A Tropical water ski adventure lures us and two pros to a beautiful oasis in Central America.
We’re flying over Cuba at 41,000 feet as I look out the window of Dave Goode’s Cessna Citation Mustang jet. World slalom champion Thomas Degasperi is sporting a T-shirt that only heightens my flying apprehensions. In big black font, it reads “Costa Rica or Bust!” Everyone on board for the 1,337-nautical-mile journey to San Jose, Costa Rica, from Central Florida is wearing one, including me. I’m accompanied not only by Dave and Thomas, but also by National champion Nick Parsons, WATERSKI photographer Bill Doster and Dave’s wife, Dawn Goode.
It’s not that I’m terrified to fly. I just hate the mental imagery that comes with it. Right now all I can think about is nose-diving into the Atlantic and Dave’s new jet becoming an ornament on a reef. To ease my anxiety, I deflect my attention to the good times that await our crew once we land safely. Visions of the curvy, sculpted, fresh-water oasis surrounded by rolling hills in the small city of Boca de Arenal revisit my thoughts. It’s been eight years since my last trip to Costa Rica. It makes me wonder just how much it’s changed, and whether it will live up to my expectations. And I’m hoping it’s worth this anxiety-ridden ride.
Which brings me to why I’m en route to the beautiful lake that most water skiers only dream about during the cold winter months. When the water-ski adventure company I visited almost a decade ago closed its doors in 2005, a Midwest skier named Jim Kilsdonk was inspired. Jim, a four-time National slalom champion who grew up on the same lake as Dave in Bloomfield Hills, Michigan, always dreamed of a career that connected with his passion. So that’s when the vacant lake in tropical paradise became Waterski Costa Rica.
Jim partnered with Dave and Dawn, who already had a beautiful six-room villa in the small city of Muelle — located in central Costa Rica, only 20 minutes from the lake. The 9,000-square-foot ranch-style house — with exotic landscapes and an indoor pool — would serve as the perfect resting place for vacationing skiers. To ensure his guests had calm skiing conditions, even when the wind is less than favorable, Jim also acquired the use of another lake that’s home to a four-buoy course and is well protected from the elements.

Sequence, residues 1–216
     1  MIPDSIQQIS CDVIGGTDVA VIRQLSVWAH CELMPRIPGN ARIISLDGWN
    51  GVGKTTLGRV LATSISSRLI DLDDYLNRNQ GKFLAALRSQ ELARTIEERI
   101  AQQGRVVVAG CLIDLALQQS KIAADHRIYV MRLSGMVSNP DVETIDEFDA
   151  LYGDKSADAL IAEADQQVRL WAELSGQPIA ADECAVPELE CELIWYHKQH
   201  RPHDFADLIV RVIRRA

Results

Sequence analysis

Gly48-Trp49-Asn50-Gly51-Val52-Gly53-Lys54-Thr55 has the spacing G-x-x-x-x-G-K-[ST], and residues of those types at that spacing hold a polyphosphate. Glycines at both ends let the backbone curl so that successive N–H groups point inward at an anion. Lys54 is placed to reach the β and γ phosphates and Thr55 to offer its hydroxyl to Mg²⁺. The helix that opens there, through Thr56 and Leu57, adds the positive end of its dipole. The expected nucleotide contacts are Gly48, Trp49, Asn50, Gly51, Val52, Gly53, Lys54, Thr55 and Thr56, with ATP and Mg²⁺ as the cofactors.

This is a dream trip for me. Not only do I get to learn from two of the world’s best slalom skiers at an amazing site, but a couple of my Orlando water-ski buddies, Paul Wadina and Ryan Doerr, joined the fun. Ironically, their American Airlines flight lands right before my eyes on our descent to the San Jose airport.
As Dave gently touches down his lightweight jet, following the massive 747, I breathe a sigh of relief. “Welcome to Costa Rica,” Dave says. The group extends an appreciative applause to the captain for his feather-soft landing, although Nick is a bit over the top with his cheerleaderlike enthusiasm. “YEAAAAAH, COSTA RRRRRICA,” he screams from the back of the aircraft in a crazed Latino accent.
When we arrive at the lake for our first morning of skiing, the scene is just as magnificent as I remembered. This place doesn’t need golden light and blue skies to be considered a water-ski utopia — the rich, green trees and foliage surrounding the shapely 60-acre lake are more than enough to awaken your skiing spirit. Several miles south, ominous-looking clouds cover beautiful mountain ranges and dense jungles. On a clear day, you can see the Arenal Volcano, which has been active for 40 years.